Implementing anti-trafficking legislation: Morocco and Tunisia share similar challenges

 

Tunis, Tunisia, 7 March 2018 - Although 2016 saw both Morocco and Tunisia adopt their respective anti-trafficking in persons (TIP) legislation, a recent training event on the critical role of the judiciary in combatting TIP revealed that both countries face similar challenges in implementing their TIP legislation. The event, held from 26 February to 1 March 2018 in Tunis, was organized by UNODC in partnership with the National Committee to Combat Trafficking in Persons. GLO.ACT facilitated the attendance of five Moroccan magistrates from various appeal courts in the country.

Morocco and Tunisia Workshop on TIP

Addressing the training event, Ms. Raoudha Laâbidi, President of the National Anti-Trafficking Committee of Tunisia said, "Proper implementation of the law requires working together on two fronts. First, outreach and awareness raising enables stakeholders and the general public to understand the definition and issue of trafficking in persons. Second is capacity building for stakeholders. Last year, together with UNODC, the committee engaged in extensive consultations with ministerial departments, civil society, the media and international organizations to develop a national strategy. It should be formally adopted soon."

What became clear during the training was that both countries encounter many difficulties in the field. One of the key challenges in both countries is the successful identification of potential TIP victims. On this issue, Ms. Laâbidi said, "This is not just the work of judges and prosecutors but of all the players involved: customs officials, labour inspectors, social workers as well as child protection officers." According to Mr. David Mancini, a prosecutor from Italy and a subject matter expert, "access to assistance for victims should not depend exclusively on the recognition of this status by a judicial authority after conviction but on the identification of the criteria that heralds a trafficking situation. This is not only the work of justice alone but also of all those involved in the national referral mechanism."

Meanwhile, Mr. David Izadifar, UNODC Regional Criminal Intelligence Analyst, observed that, "Tunisia is not alone in facing these difficulties. That is why we have brought together international experts, judges and prosecutors from the United Kingdom, Egypt, Italy, Belgium and Morocco for this training to share experiences and good practices in the fight against this scourge."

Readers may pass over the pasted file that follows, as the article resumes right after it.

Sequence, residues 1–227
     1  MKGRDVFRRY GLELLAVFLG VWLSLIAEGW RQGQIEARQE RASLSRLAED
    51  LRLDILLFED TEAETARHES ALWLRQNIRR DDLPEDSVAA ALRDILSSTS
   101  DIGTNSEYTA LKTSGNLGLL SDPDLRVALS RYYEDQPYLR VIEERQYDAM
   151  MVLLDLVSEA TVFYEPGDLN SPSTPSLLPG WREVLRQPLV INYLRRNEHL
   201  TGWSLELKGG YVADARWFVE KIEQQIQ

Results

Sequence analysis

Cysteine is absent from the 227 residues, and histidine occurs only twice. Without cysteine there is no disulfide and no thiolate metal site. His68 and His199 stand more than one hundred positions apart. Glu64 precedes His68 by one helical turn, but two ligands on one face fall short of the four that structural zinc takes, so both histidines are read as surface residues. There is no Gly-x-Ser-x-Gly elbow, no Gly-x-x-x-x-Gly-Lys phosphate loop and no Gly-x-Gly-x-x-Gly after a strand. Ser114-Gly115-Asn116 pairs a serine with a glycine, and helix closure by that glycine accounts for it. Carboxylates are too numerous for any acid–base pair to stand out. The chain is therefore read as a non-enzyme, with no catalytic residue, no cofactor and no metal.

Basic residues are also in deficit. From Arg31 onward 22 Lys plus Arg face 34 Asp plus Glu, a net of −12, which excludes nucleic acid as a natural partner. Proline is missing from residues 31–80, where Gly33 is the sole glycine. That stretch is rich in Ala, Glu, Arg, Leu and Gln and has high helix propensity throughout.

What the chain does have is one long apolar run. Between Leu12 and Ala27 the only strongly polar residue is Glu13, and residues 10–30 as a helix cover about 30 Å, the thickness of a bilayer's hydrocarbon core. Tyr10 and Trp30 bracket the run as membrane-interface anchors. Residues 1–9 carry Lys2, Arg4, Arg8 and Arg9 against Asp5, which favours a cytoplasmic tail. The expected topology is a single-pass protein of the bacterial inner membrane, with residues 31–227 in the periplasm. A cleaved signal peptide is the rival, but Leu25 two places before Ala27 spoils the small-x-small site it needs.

During the training event, participants discussed the need to build a common perception of TIP, as well as the need to enhance the ability to communicate and coordinate with a wide range of stakeholders. In fact, this is one of the tasks of the coordination mechanisms, as provided for by Moroccan and Tunisian legislation. During the event, discussions on the more technical difficulties relating to the establishment of facts enabling criminal classification also took place. To help with this, practical cases and exchanges focused on collecting evidence. This includes interviewing alleged victims without subjecting them to re-victimization to establish facts in the absence of evidence, while ensuring, over time, the assistance and protection of victims' rights. 

Speaking on victim assistance, Ms. Souad Gougas, Deputy Attorney General at the Rabat Court of Appeal, explained that "one of the difficulties we face is the crucial issue of accommodation. Even if the law exists and provides for state intervention to afford housing for victims, in practice it is rarely mobilized due to a lack of resources. Cooperation with civil society is therefore essential." 

Morocco and Tunisia Workshop on TIP

At the end of the training, 32 magistrates returned to their respective jurisdictions. On the Tunisian side, this training covered 14 governorates. On the Moroccan side, 4 Appeal Courts in addition to the central administration of the Public Prosecutor's Office now have trained magistrates. Both countries share the intention for them to become the focal points for human trafficking cases. Looking ahead, there is now also a commitment to build intersectoral victim-centered networks. The justice departments in Morocco and Tunisia are off to a good start so far.

The Global Action to Prevent and Address Trafficking in Persons and the Smuggling of Migrants (GLO.ACT) is a four-year (2015-2019), €11 million joint initiative by the European Union (EU) and the United Nations Office on Drugs and Crime (UNODC). The project is being implemented in partnership with the International Organization for Migration (IOM) and the United Nations Children's Fund (UNICEF). GLO.ACT aims to provide assistance to governmental authorities and civil society organizations across 13 strategically selected countries: Belarus, Brazil, Colombia, Egypt, Kyrgyz Republic, Lao PDR, Mali, Morocco, Nepal, Niger, Pakistan, South Africa, Ukraine. It supports the development of more effective responses to trafficking and smuggling, including providing assistance to victims of trafficking and vulnerable migrants through the strengthening of identification, referral, and direct support mechanisms.

 

For more information, please contact:

Younes Benmoumen, National Project Coordinator, UNODC (Rabat, Morocco)

younes.benmoumen@un.org

 

www.unodc.org/unodc/en/human-trafficking/glo-act/

Email: glo.act@un.org

Twitter:   @glo_act